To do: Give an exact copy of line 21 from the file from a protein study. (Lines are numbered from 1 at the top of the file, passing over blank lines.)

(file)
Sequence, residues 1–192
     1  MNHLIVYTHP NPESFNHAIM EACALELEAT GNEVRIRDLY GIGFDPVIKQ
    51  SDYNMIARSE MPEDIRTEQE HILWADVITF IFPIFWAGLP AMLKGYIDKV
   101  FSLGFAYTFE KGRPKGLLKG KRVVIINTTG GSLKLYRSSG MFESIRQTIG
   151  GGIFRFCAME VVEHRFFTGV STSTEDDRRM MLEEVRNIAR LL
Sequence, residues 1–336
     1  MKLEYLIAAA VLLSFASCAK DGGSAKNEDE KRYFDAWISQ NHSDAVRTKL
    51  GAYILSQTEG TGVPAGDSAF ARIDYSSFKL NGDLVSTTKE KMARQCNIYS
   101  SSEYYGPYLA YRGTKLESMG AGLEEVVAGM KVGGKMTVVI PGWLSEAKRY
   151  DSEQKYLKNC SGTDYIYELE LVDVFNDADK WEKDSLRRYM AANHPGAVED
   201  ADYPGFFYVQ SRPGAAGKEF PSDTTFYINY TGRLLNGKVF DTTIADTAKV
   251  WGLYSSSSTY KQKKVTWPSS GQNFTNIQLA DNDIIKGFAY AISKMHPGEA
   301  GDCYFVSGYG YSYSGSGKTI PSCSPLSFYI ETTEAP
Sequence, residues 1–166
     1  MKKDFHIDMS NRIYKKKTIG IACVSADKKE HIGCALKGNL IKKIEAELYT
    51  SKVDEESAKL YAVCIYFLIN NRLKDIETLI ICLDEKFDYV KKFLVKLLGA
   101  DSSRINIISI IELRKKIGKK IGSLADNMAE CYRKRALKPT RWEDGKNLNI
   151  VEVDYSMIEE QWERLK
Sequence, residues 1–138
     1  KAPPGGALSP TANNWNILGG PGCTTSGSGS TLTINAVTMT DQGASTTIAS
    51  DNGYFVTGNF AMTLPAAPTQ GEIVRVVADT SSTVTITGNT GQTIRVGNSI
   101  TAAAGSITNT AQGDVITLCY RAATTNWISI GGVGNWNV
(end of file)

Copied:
    51  DNGYFVTGNF AMTLPAAPTQ GEIVRVVADT SSTVTITGNT GQTIRVGNSI